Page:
Hydraulic Fan Drives for Internal Combustion Engines

By Mike Carney, CFPS

In a typical internal combustion engine application, much of the energy released from the fuel is wasted and appears within the system as heat. One way to combat this wasted heat energy is to incorporate an engine fan, but these contribute to the overall machine noise level and use additional horsepower to provide cooling. An engine driven fan cools at a fixed rate and must be sized for the maximum cooling requirement.

Hydraulic fan drives can deliver greater efficiency in a wide range of machines and applications. Temperature activated, electronically controlled hydraulic fan drive systems can offer finer control which allows for reducing the fan speed during time of low cooling demand and therefore the fan drive system uses less horsepower. Hydraulic fan drives also allow the cooling package to be located remotely from the engine, which saves space, makes placement more convenient, and improves noise insulation. Normally any hydraulic fan drive system is designed to “fail high”, meaning that if electric power is lost, the fan provides full cooling.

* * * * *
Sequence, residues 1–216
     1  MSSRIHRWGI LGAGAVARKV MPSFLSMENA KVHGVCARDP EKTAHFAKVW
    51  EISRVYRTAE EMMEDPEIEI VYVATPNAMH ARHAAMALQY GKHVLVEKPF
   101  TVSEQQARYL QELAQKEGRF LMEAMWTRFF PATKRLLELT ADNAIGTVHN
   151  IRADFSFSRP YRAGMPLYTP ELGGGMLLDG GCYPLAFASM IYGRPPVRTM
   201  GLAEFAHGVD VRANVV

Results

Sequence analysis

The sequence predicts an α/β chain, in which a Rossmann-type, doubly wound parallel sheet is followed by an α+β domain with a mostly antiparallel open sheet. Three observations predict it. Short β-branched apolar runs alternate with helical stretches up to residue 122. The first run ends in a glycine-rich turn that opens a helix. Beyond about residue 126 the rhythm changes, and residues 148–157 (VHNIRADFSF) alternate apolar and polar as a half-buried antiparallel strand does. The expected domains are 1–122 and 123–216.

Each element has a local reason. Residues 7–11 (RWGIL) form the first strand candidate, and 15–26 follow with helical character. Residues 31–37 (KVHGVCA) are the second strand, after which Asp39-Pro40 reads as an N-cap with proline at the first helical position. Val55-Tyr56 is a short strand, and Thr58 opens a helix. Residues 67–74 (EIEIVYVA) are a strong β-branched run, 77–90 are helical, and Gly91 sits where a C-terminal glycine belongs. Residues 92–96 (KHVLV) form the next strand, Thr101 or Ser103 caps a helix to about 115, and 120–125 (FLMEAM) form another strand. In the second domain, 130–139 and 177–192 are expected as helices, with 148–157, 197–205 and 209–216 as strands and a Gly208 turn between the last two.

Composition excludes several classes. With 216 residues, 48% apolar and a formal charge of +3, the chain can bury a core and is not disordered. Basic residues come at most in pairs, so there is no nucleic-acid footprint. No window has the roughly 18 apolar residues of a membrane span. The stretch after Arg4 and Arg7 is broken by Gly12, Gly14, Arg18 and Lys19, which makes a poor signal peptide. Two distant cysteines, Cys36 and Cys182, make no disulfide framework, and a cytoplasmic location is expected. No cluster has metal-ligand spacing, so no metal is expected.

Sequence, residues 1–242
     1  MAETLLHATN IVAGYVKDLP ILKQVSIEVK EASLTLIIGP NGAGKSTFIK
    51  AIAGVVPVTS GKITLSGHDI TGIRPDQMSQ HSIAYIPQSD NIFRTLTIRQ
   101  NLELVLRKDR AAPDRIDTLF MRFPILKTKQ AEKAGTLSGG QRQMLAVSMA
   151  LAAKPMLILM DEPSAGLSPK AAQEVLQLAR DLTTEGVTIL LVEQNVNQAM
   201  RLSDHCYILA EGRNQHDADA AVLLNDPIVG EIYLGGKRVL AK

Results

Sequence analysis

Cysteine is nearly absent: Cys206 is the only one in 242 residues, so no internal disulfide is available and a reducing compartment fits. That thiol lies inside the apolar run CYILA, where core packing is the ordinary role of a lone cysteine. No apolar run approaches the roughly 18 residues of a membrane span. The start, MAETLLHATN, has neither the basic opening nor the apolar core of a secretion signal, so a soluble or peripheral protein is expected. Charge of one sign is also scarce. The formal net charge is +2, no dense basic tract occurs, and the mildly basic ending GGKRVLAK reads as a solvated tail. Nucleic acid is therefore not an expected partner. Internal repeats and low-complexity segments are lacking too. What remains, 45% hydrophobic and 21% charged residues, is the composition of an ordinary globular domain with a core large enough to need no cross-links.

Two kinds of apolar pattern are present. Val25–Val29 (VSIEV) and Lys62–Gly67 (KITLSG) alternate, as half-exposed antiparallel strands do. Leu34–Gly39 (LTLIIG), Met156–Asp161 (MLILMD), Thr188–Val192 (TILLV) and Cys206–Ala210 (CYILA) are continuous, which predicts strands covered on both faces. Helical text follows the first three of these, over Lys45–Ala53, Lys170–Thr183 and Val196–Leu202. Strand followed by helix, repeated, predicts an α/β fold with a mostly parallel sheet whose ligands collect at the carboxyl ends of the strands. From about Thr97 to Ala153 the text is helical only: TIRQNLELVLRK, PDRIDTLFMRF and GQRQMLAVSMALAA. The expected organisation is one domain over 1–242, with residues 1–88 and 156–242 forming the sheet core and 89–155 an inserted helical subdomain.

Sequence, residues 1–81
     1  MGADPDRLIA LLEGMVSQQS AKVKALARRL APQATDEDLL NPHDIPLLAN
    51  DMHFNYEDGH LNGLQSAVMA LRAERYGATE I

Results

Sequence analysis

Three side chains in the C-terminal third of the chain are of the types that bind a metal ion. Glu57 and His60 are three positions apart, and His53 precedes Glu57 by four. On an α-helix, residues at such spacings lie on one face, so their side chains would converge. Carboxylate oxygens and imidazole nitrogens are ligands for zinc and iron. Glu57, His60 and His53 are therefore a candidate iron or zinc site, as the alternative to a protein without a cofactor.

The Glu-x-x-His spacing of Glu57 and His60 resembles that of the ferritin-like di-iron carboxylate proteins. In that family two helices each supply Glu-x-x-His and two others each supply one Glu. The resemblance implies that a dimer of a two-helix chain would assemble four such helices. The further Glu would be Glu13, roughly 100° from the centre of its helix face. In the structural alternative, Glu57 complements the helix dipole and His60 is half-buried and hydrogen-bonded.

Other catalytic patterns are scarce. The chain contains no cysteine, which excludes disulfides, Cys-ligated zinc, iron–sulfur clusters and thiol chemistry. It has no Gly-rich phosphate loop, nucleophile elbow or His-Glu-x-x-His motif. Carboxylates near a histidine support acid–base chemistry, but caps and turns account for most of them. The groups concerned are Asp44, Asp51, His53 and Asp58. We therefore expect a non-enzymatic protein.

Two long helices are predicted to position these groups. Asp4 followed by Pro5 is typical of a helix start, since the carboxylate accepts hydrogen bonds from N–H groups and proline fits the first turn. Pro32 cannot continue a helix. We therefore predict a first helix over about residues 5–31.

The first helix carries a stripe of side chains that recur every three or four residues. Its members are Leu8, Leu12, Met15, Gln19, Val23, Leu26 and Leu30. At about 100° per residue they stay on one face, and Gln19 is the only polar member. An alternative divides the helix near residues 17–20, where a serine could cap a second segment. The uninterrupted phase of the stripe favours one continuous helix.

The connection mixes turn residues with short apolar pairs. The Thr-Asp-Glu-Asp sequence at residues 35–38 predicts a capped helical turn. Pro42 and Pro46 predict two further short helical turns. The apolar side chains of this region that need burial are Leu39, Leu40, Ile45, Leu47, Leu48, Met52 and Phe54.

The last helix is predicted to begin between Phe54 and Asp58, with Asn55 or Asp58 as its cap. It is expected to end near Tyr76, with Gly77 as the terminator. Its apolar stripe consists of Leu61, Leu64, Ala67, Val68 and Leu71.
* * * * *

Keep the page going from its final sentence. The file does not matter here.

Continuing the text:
Hydraulic fan drives can also provide reversing. This is used for “blow off” of the cooler. In environments where there is airborne debris that can clog the cooler, reversing the fan is critical to insure proper cooling.

Hydraulic fan drives can be on/off or of the modulating type. On/off fan speed control uses a venting relief valve to turn the fan on and off. It is the simplest and most cost effective system. But efficiency and noise control are not as good as can be achieved with variable speed fan drives. With on/off types, system pump volume and relief valve setting determine the maximum fan speed. A temperature switch in the engine coolant tells the hydraulic fan drive when to cycle on or off. This type of system saves energy in times of low cooling demand.

Variable speed fan drive systems provide the highest efficiency and most noise reduction. An engine coolant temperature sensor sends a signal to the electronic controller to vary the signal to the proportional relief valve. The sensor reads engine temperature, and through the proportional relief valve, it modulates the fan speed to provide the correct cooling. The variable speed system reduces horsepower (and therefore energy) loss by using only the hydraulic power needed to maintain a consistent engine temperature. This results in power savings, lower noise and reduced fuel consumption. A variable system will also prevent abrupt fan speed changes, reducing hydraulic shock as well as system fatigue.